By Matt Dalgleish | Source: MLA, NLRS, ACA
During a recent off the cuff remark to a rural journalist I said that a peak for National Mutton Indicator (NMI) this Winter could be around the 550¢/kg cwt level. However, a look at seasonality patterns between the Eastern States Trade Lamb Indicator (ESTLI) and the NMI suggests I may have underestimated the humble sheep.
Figure 1 shows the percentage gain in the ESTLI for the season so far, spending much of the year in the upper band of the normal range and above the ten-year average seasonal pattern. The Mecardo ESTLI forecast for 2017, originally released in December 2016, called for a Winter peak of 755¢ and assuming the percentage gain pattern for the ESTLI remains in the top part of the normal range it remains feasible that we could see a gain of around 35% recorded, which would put the forecast peak within reach.
Despite the record mutton prices on offer this season, a look at the seasonal percentage gain/loss pattern shows the 2017 trend has been mirroring the ten-year average pattern reasonably closely, not too dissimilar to how the 2016 pattern played out. Indeed, assuming the trend continues along the ten-year average path into Winter and taking into account the longer-term average percentage gain of around 45-50% come July would place the NMI within the 550-570¢/kg cwt (380¢ January 2017 price plus 45-50%).
Figure 3 highlights the percentage spread pattern between the ESTLI and NMI over the season and reinforces just how solid mutton prices have been this year compared to lamb. Indeed, the spread has been trekking along the lower end of the normal range for much of the season, very much akin to the patterns displayed during the last favourable climatic periods during 2010-11. As shown by the long-term average trend the ESTLI to NMI spread usually tends to reach a trough late Winter and, if the 2010/11 patterns are any indication, it may reach a narrowing in the spread toward the 10-20% level come July/August.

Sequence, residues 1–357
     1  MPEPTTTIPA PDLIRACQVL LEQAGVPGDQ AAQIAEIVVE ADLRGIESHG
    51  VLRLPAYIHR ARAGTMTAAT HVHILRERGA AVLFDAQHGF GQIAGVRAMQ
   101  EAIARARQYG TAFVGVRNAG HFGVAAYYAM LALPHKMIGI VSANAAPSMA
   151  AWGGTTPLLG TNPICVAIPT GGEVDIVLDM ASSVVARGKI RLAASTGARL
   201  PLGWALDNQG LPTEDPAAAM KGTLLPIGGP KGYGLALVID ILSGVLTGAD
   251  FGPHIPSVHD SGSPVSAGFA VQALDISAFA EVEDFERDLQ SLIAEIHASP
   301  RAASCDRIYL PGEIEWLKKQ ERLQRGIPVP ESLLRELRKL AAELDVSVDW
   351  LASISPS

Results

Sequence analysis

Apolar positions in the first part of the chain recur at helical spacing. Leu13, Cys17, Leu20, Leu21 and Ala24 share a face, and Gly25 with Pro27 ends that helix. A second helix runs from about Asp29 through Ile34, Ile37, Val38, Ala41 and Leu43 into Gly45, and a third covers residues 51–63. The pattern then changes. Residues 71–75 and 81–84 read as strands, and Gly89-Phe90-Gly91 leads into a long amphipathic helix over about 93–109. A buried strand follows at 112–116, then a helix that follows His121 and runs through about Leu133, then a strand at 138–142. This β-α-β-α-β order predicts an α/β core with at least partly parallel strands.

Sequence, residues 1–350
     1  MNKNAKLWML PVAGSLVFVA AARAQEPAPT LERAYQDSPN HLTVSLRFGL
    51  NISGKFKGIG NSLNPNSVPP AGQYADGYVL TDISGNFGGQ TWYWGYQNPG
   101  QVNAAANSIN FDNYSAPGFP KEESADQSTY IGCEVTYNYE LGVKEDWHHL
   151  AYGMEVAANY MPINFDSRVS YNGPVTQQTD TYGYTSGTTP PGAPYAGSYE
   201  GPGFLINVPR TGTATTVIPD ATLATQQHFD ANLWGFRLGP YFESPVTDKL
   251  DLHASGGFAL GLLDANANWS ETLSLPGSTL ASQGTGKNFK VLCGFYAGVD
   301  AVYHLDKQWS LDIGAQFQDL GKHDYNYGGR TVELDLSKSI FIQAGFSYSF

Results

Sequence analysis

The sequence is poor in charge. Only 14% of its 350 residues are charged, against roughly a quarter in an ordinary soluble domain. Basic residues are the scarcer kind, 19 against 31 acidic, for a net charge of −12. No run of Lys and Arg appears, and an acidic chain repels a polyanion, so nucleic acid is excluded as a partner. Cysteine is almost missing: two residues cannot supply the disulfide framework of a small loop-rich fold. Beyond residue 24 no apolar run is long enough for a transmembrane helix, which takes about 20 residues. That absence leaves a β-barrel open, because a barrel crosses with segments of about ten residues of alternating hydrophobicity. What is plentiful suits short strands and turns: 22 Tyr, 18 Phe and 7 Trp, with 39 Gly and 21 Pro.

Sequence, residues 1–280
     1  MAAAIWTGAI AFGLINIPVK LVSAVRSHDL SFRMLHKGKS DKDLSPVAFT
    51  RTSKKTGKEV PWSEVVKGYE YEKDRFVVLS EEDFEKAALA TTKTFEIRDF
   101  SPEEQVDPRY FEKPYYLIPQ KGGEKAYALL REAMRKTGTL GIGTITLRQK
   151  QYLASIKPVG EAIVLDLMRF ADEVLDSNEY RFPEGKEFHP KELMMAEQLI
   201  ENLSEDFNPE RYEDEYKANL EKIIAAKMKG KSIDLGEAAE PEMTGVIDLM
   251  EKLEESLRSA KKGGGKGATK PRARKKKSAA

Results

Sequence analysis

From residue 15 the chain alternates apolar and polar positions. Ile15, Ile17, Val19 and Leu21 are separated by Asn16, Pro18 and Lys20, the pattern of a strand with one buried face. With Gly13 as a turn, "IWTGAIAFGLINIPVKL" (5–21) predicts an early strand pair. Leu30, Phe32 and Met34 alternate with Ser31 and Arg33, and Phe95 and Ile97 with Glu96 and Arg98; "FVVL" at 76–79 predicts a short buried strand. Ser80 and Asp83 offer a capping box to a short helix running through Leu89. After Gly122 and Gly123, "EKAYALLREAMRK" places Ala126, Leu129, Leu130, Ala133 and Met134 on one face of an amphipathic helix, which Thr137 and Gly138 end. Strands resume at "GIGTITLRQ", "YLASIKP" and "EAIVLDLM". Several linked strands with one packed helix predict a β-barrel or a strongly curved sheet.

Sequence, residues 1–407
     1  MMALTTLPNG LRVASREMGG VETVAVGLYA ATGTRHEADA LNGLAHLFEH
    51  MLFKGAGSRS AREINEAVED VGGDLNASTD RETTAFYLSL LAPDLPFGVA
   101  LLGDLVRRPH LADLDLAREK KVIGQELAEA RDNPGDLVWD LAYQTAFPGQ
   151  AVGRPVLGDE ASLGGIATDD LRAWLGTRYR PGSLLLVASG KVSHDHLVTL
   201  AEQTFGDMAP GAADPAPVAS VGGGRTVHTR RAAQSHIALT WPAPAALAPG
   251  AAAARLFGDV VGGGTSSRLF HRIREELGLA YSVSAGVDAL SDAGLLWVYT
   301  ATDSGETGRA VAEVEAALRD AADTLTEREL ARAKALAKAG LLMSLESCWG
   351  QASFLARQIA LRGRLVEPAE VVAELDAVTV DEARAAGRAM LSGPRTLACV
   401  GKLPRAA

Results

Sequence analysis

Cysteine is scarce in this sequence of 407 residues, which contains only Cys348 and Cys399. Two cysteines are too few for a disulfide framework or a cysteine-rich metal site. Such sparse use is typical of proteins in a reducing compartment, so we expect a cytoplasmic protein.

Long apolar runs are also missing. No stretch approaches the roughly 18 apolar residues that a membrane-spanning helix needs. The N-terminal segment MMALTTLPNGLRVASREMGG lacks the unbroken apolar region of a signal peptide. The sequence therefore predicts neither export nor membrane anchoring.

Anyone that can quickly do the math will realise these numbers don’t all add up. If by late Winter the ESTLI is around 750¢ and the NMI is between 550-570¢, this puts the percentage ESTLI to NMI spread nearer to 30-35% not 10-20%. So, something has to give. Either the ESTLI doesn’t reach as high as 750¢, the percentage spread between the ESTLI and NMI deviates away from the 2010/11 pattern back to more longer-term average levels, or the NMI gets dragged higher by expensive lamb prices to see mutton reach above 6$.
My feeling, given the supply constraints expected, is that the mutton price will test higher. Some quick calculations based off an ESTLI between 730-750¢ and a percentage spread of ESTLI to NMI of around 20% would put the mutton price peaking at about 610-620¢/kg cwt. A mutton price peak between 610-620¢ in July/August would see the percentage price gain pattern around the same levels it peaked at last season in the 60-65% vicinity, which is a feasible scenario – figure 2.
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